2. To fund medical research into Dravet syndrome and other related genetic sodium channel epilepsies: - The charity remains committed to research and continue the partnership with the charity Sparks & GOSH to ensure we maximise our strategy and approach for research into Dravet Syndrome. In the last financial year Dravet Syndrome UK has funded two research projects to a total of £55,560. Since 2011, we have funded £204,000 of research. The charity has also in this period worked closely with a number of pharmaceutical companies keeping abreast of new research opportunities and also applying and being awarded unrestricted educational grants to help the charity continue to meet its objectives.

  3. To raise awareness and understanding of Dravet syndrome within the professional community, therefore promoting a more accurate and swifter diagnosis thus benefiting Dravet Syndrome sufferers and their families' experiences.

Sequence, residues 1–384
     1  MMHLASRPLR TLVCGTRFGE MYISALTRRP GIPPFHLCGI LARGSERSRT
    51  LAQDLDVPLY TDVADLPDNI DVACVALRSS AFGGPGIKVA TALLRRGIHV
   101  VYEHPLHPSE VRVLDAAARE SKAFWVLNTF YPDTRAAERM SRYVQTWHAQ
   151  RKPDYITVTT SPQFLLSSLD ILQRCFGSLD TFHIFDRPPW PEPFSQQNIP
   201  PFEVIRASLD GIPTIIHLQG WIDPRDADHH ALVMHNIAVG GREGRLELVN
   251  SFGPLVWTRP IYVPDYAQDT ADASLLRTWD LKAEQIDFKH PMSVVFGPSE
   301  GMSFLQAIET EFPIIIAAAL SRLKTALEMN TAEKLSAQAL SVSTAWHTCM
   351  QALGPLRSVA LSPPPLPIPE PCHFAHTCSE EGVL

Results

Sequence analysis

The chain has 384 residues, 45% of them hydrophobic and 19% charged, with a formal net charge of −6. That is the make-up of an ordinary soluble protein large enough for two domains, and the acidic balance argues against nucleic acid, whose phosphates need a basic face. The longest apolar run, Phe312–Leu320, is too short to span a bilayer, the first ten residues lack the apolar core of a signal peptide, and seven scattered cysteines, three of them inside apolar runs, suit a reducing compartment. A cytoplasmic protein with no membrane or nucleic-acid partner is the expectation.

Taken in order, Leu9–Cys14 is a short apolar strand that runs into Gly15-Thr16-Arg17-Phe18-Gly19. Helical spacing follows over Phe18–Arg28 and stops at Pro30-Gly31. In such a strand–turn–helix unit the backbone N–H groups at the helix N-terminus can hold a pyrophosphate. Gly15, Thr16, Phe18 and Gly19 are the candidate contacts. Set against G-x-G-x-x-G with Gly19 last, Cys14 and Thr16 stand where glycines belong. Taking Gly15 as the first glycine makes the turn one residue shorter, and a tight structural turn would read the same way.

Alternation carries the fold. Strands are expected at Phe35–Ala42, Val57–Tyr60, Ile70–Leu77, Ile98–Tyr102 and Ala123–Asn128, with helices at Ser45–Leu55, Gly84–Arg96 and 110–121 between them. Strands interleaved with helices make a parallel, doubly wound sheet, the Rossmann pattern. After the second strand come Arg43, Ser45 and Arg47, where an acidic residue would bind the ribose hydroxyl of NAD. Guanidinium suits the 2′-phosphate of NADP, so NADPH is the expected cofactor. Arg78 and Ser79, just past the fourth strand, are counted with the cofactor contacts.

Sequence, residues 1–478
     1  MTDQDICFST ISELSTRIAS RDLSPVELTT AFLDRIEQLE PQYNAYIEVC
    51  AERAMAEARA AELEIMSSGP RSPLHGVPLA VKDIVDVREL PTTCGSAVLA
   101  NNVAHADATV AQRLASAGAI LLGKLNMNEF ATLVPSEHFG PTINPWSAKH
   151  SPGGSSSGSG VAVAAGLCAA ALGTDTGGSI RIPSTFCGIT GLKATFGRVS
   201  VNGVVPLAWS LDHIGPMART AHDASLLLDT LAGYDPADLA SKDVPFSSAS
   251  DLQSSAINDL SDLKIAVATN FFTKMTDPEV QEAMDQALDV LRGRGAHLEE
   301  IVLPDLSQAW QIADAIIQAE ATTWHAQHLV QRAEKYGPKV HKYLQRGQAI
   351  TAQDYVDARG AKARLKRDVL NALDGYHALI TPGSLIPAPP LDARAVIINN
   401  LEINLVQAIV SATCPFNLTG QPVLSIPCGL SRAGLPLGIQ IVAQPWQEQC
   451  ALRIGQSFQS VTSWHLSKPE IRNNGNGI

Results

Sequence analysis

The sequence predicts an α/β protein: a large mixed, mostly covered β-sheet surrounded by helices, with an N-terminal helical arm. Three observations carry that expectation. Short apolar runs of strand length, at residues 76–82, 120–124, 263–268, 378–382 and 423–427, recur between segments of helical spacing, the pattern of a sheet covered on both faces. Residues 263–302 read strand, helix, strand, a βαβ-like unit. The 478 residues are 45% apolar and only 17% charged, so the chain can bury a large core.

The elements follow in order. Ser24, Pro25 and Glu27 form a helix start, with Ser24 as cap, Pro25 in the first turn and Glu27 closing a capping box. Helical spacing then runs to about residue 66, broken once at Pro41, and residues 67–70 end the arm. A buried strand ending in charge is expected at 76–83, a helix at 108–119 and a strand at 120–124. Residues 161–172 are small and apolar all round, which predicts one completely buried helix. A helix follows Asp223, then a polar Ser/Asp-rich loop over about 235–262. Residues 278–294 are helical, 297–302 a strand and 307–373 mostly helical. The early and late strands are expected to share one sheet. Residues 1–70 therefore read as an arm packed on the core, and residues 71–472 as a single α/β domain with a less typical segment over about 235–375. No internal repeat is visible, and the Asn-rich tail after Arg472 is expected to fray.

Publication of the ‘Professional Guide to Diagnosis’, which aims to aid earlier and more accurate diagnosis of Dravet syndrome - Biennial Dravet UK conference for Families and Professionals - Attendance of relevant professional conferences and meetings to raise the profile of Dravet syndrome within the medical community - Presenting at professional conferences - Providing literature to professionals and the opportunity to attend the biennial Dravet specific conference

What does the money we raise go towards?

Any funds raised would be spent on our three primary aims, support, research and awareness.